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Spotlight: Ari Gold on Adventures of Marketing Adventures of Power

Three years ago, filmmaker Ari Gold made a little film called Adventures of Power, a quirky comedy about a dorky air drummer (played by Gold himself) who pursues his air drumming dream all the way fro New Mexico to New … Jersey where he battles Adrian Grenier for a $2000 smackeroos. Unfortunately for Gold, the…

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“The Film That Changed My Life”: Richard Kelly On Brazil

Robert K. Elder’s latest book, “The Film that Changed My Life,” came together as he met filmmakers as part of his regular writing assignments, and then got them to expand on one film that changed their lives, and what form that “change” took. Among the thirty equally appealing conversations, Kevin Smith talks Slacker; Danny Boyle,…

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The Gronvall Files: Good Company: A Conversation with The Company Men Director John Wells

As this year’s Sundance Film Festival unfolds, one of the films that made a splash there a year ago, The Company Men, John Wells’s feature directorial debut, is gathering steam in its commercial rollout. The acclaimed writer-producer behind TV hits like ER and The West Wing, as well as Southland (which found a new home…

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Interview: In Arm’s Way With Danny Boyle

In 127 Hours, Danny Boyle doesn’t present Aron Ralston as any kind of idealist of the great outdoors, or as a man surmounting the wilderness. Rather, the climbing enthusiast who was trapped for days in a Utah canyon by a fallen boulder is a blithe young man who may have reached the limits of his…

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Digital Nation: Four Lions

Besides December 7, 1941, two other dates will live in infamy as long as wars against tyranny are fought. Americans will continue to mark September 11, 2001, for as long as there are people who can recall the sight of New York’s World Trade Center crumbling into ash and dust. For Britons still wary of…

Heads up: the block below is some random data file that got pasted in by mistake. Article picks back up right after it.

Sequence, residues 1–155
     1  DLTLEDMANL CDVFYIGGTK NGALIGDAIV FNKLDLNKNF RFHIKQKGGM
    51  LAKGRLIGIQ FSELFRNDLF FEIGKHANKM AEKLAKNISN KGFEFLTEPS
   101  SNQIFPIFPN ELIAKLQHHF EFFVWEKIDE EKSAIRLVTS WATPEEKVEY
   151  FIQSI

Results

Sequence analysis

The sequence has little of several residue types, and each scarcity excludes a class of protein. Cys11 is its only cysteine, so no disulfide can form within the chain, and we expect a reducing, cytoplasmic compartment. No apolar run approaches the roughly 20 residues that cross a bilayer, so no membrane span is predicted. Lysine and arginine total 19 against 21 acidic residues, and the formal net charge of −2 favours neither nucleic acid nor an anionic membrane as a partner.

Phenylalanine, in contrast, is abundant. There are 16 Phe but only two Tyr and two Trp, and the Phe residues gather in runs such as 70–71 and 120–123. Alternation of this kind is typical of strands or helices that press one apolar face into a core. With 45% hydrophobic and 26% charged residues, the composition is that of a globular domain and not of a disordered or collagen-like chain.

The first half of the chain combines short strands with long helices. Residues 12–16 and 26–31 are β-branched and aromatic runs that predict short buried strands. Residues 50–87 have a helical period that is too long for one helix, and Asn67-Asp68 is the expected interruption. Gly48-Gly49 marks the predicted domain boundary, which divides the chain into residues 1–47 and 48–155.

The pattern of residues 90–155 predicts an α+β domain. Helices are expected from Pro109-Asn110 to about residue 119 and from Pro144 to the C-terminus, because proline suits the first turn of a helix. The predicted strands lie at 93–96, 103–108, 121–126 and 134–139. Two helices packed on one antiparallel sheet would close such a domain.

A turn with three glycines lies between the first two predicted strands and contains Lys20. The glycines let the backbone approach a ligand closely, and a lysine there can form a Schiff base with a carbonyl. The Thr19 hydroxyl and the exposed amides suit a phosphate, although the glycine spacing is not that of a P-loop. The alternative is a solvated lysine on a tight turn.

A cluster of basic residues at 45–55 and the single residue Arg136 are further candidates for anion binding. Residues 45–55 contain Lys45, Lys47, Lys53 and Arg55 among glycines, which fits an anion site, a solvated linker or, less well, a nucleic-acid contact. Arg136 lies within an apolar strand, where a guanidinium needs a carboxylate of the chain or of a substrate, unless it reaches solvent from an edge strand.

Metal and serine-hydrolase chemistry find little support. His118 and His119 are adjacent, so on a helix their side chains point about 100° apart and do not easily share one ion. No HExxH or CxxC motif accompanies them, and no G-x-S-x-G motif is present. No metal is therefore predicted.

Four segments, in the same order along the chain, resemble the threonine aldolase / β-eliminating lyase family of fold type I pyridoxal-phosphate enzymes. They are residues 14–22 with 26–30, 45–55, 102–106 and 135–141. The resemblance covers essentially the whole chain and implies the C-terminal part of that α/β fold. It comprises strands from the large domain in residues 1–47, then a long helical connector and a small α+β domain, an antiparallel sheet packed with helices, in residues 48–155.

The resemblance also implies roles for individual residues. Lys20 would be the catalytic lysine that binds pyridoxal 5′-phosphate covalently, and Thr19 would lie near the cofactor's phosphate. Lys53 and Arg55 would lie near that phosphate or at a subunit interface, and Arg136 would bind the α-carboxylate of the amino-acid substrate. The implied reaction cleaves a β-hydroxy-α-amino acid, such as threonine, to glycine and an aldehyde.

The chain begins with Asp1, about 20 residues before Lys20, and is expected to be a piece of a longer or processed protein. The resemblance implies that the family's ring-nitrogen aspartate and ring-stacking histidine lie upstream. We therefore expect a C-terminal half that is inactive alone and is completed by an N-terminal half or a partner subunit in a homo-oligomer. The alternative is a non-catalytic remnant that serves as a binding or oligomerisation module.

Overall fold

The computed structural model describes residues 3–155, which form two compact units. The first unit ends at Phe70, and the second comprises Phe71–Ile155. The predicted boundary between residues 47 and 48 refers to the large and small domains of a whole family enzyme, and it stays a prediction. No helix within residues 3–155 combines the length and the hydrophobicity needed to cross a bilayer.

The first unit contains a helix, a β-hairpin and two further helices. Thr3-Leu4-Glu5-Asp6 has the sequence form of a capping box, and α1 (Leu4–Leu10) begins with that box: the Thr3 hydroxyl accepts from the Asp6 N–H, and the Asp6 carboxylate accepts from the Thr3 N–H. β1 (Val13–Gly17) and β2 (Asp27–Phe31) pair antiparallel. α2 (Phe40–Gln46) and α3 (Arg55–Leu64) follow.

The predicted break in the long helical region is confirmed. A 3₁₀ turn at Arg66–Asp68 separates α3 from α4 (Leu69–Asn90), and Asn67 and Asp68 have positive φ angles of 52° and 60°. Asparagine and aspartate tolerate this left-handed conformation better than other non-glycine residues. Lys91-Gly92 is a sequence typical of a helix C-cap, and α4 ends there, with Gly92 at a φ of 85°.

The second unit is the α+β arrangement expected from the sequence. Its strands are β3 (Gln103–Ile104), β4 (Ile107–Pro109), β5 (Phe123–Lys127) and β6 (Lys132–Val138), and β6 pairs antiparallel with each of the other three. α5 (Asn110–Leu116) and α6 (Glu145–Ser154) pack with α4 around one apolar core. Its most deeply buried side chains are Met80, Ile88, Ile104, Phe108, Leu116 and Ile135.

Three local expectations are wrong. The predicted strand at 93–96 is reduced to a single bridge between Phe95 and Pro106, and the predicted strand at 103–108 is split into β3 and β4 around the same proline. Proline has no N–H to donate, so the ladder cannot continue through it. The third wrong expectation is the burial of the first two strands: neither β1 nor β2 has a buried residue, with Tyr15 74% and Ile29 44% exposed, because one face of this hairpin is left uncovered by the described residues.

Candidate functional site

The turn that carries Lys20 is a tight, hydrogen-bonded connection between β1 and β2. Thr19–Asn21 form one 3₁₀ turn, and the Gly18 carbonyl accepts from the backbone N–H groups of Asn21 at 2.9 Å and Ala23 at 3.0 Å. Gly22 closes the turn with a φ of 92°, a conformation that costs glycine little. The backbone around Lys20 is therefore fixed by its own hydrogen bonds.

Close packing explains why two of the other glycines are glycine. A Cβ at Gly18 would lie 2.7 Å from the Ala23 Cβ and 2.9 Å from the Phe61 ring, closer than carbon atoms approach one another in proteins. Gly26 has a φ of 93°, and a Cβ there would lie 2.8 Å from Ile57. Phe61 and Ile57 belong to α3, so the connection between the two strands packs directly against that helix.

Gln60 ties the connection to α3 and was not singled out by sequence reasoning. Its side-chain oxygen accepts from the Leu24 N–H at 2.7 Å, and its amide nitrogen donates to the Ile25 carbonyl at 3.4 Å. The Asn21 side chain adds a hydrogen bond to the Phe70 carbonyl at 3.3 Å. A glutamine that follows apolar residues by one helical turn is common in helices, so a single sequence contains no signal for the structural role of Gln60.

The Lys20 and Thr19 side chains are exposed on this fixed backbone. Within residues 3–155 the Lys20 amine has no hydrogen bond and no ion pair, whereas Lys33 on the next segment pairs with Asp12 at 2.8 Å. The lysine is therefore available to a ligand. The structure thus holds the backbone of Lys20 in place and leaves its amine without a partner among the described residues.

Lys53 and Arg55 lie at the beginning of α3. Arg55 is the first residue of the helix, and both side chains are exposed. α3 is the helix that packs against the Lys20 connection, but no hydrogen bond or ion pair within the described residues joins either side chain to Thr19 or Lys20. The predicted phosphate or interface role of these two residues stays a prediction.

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Interviews

Quote Unquotesee all »

“I don’t want to hold back movies from our subscribers. There’s no question there’s a romance with the old model. But the fact remains that people watch movies at home. [Theatrical] is increasingly out of step with the global audience. Buying movies and releasing them in theaters? There are plenty of people doing that. We’re not interested.”
~ Netflix Ted Sarandos

MIKE FLEMING: Given the week we’re in, an obvious first question: Mike, you’ve produced the second of three kinkily romantic Fifty Shades of Grey movies that have stretched the Valentine’s Day holiday. What advice from your exhaustive research can you convey that will guarantee Mrs. Fleming a whirlwind week of romance?
MIKE DE LUCA: Mr. Fleming must do whatever she wants and asks for, that’s my one and only instruction. Surrender, that’s the key to a successful marriage. Surrender. Surrender. Surrender.
MIKE FLEMING: So, reading between the lines, it feels like you’re advising me to stick to the usual playbook, a combination of groveling and guilt?
MIKE DE LUCA: Those are your words, not mine. I brought you the surrender advice. If she wants you to be a dominant, you become a dominant. If she wants you to be an infant, you put on a diaper. Happy wife, happy life, is all I’m saying.
MIKE FLEMING: I’m a tired 56-year old at the end of a long Oscar season. All this dressing up and role play sounds like a lot more work.
MIKE DE LUCA: The diaper helps, there. I’m wearing one right now. It’s really convenient.
~ Deadline’s Mike Fleming Interrogates Oscar’s Mike De Luca